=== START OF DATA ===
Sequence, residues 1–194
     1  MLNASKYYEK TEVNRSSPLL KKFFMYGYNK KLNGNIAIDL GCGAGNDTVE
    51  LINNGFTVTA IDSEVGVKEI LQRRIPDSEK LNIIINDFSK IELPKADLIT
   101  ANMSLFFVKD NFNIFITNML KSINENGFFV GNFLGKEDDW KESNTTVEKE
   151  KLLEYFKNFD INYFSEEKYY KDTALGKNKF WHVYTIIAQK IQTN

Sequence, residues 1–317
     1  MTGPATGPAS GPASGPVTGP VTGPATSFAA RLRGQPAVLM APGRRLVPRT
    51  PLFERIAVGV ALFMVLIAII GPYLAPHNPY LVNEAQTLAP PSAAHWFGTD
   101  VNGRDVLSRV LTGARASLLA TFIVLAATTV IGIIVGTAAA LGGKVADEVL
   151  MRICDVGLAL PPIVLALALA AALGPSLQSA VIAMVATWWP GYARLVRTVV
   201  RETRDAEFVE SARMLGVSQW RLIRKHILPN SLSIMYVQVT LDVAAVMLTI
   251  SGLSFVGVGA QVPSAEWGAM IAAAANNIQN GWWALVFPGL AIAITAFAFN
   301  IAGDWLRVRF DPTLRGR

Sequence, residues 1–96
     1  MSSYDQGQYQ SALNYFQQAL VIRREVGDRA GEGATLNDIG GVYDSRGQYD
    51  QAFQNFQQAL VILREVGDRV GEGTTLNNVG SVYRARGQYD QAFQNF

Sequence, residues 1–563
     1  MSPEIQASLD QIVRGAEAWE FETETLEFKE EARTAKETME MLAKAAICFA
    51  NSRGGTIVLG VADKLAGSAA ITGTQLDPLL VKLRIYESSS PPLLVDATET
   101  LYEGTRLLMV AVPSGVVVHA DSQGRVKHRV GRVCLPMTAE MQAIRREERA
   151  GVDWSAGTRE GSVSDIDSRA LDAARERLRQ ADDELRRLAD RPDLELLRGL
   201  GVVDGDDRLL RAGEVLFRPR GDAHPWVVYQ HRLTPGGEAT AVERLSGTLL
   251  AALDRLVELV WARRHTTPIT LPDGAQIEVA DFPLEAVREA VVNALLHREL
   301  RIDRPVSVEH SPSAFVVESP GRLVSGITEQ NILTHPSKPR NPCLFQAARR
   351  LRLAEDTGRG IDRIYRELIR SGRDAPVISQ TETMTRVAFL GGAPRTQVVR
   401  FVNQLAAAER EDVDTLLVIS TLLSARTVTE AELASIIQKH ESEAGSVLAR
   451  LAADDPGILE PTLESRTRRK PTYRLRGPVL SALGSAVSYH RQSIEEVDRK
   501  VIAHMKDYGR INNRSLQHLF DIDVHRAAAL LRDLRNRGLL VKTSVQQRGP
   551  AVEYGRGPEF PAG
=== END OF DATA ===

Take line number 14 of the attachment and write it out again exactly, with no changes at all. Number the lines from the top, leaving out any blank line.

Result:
Sequence, residues 1–96